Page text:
• Good modeling, especially linear modeling, requires that all elements are "of the same size" (similar mean and variance). So it became standard practice to rescale distributions to `mean=0` and `variance=1`.

*Final note: I used the term variance to mathematically describe variation. Some folks say standard deviation. Variance simply equals the square of standard deviation. Since the variance = 1 for the standard distribution, in this case of the standard distribution, `variance == standard deviation`.

• Your answer seems interesting. But, how one can generate noise if measurement, say, is speed of something? Noise should contain only positive values..?! If it is the case, normal distribution can not generate positive value, right? Aug 19, 2014 at 18:43
• I'm not sure I'm following, @Spider . If I'm following you, you're asking how values can be below the mean, too. The definition of standard deviation is the variation AROUND the mean. That is, both above and below it. Not enough space here to get into it, but check out en.wikipedia.org/wiki/Standard_deviation or en.wikipedia.org/wiki/Normal_distribution Aug 26, 2014 at 20:50
• Oh, now I get what you were saying: yes, a "speed" (not velocity, which is a vector) must only have positive numbers. And yes, a normal distribution allows for negative numbers. Therefore, as your intuition is already telling you, a speed does not follow a normal distribution. There are many other types of distributions, such as Poisson or Binomial. Sep 15, 2015 at 20:33
• How is it possible to just scale the value given by randn with some value and it acts as though it is sigma? The definition of the normal distribution does not seem to allow such a simple scaling. Jul 22, 2017 at 22:09
• @ComputerScientist Very likely... I wrote it over 3 years ago. I will update it now, but I think we all need to accept that links are helpful, but not permanent, and that is why explanations should drive these answers at SO, and not let only links do the talking. ;) Nov 26, 2020 at 16:11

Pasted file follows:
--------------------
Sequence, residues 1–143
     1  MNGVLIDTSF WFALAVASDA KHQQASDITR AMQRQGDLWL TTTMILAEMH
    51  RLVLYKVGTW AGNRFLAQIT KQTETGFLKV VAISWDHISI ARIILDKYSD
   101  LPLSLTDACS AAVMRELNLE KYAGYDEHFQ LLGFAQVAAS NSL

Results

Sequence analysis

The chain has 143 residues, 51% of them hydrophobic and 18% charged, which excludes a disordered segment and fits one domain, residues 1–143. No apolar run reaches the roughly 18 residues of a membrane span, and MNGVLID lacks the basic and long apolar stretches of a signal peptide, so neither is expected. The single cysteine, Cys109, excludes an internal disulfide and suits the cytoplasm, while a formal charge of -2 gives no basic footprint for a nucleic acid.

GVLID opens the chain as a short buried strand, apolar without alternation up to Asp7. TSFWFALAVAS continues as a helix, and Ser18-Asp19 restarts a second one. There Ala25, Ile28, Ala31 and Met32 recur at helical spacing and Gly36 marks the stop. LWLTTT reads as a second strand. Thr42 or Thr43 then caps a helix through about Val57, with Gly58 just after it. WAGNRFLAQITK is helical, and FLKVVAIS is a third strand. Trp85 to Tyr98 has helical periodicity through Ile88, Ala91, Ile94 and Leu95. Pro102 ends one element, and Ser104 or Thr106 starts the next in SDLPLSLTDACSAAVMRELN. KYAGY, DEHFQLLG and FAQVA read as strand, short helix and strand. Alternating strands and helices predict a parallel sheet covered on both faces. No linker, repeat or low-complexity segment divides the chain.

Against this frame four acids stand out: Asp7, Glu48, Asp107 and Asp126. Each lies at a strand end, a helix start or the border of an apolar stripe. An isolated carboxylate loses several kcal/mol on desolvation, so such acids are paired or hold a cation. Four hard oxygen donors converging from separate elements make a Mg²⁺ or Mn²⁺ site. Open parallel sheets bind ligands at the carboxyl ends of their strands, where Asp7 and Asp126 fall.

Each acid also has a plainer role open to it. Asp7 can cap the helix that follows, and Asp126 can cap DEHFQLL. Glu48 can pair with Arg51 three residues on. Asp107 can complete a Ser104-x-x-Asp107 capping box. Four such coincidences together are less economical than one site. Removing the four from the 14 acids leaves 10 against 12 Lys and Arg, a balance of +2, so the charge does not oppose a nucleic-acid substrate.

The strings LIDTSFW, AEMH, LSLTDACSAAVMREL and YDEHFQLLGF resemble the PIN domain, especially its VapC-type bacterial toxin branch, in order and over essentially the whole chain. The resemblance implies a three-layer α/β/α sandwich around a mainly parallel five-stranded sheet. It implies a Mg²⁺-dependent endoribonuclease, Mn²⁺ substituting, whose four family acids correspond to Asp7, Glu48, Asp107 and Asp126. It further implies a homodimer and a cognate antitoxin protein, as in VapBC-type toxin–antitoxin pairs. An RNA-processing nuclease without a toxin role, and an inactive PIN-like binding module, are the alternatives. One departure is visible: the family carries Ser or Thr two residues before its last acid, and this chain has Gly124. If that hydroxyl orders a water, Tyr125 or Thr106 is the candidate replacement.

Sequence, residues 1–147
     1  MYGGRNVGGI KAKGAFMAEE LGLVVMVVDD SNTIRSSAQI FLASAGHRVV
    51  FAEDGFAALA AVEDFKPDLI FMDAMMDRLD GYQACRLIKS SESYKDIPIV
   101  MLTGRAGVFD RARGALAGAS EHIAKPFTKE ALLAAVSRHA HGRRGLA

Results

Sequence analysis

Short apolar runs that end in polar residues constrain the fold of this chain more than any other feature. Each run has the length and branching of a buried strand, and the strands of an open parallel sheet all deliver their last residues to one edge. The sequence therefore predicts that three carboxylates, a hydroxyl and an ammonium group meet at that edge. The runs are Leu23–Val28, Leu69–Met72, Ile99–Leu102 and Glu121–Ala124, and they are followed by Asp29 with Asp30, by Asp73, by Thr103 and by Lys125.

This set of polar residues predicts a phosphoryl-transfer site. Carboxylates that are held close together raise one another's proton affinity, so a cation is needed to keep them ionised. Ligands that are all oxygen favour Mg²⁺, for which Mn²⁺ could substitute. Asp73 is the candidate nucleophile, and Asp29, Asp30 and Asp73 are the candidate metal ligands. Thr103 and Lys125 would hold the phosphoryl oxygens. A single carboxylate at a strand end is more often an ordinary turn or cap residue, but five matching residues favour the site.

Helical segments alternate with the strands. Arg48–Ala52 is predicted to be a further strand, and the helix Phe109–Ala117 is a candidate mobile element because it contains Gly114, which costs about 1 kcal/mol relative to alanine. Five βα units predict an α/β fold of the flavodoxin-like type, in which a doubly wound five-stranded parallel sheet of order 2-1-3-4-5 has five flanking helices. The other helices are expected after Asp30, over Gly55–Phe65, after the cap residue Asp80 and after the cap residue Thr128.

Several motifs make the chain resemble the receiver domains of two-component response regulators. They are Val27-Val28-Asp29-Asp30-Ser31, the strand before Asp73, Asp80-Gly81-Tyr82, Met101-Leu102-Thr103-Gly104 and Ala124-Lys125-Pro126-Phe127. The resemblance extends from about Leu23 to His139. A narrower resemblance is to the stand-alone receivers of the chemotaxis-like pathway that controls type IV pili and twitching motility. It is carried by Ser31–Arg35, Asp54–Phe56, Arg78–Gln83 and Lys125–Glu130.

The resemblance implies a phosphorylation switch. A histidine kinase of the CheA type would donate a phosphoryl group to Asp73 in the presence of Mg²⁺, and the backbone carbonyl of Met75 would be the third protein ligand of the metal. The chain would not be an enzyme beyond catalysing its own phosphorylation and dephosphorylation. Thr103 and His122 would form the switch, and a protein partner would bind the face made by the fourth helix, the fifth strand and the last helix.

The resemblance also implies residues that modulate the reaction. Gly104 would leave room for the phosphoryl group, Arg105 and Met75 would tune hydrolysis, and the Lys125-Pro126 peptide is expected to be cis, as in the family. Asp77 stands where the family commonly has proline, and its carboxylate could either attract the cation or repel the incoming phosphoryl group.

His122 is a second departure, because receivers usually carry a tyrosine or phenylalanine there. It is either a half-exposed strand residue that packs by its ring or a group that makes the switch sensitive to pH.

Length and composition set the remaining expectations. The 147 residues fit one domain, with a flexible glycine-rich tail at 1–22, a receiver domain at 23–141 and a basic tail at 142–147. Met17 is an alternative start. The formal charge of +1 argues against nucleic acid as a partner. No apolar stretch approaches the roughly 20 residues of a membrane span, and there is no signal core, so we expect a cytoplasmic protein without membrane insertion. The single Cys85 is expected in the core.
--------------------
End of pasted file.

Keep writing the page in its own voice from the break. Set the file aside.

`randn` seems to give a distribution from some standardized normal distribution (mean 0 and variance 1). `normal` takes more parameters for more control. So `randn` seems to simply be a convenience function.

• They call the same C-function (`rk_gauss`) in the end. I think `randn` exists mainly to make MATLAB converts happy. The MATLAB `randn` seems to be more or less identical. Feb 12, 2014 at 21:09
• Ahh, in what file are they defined? I figured that was the case and looked a bit in the source, but i wasn't able to find it. Feb 12, 2014 at 21:37
• `numpy/random/mtrand/distributions.c` Feb 13, 2014 at 7:43

Following up to @Mike Williamson's explanation about variance, standard deviation, I was caught trying to workout the example provided in the Numpy documentation for randn The example provided there:

``````>>> import numpy as np
>>> 2.5 * np.random.randn(2, 4) + 3
array([[-1.13788245,  2.54061141, -0.12769502,  7.46200906],
[-0.4780766 ,  1.70417835,  5.43802441,  4.71764135]])
``````

The point to note here is that Normal Distribution follows notation N(Mean, Variance), whereas to implement using `.randn()` you would require to multiply the standard deviation or sigma and add the Mean or mu to the Standard Normal Output of the Numpy method(s).

Note:

`sqrt(Variance) = Standard Deviation or sigma`

Eg.,

`sqrt(6.25) = 2.5`

Hence:

`sigma * numpy.random.randn(2, 4) + mean`

• Don't post images of text. Jun 30, 2019 at 15:45
• @RalfFriedl Fixed. Jun 15, 2020 at 20:07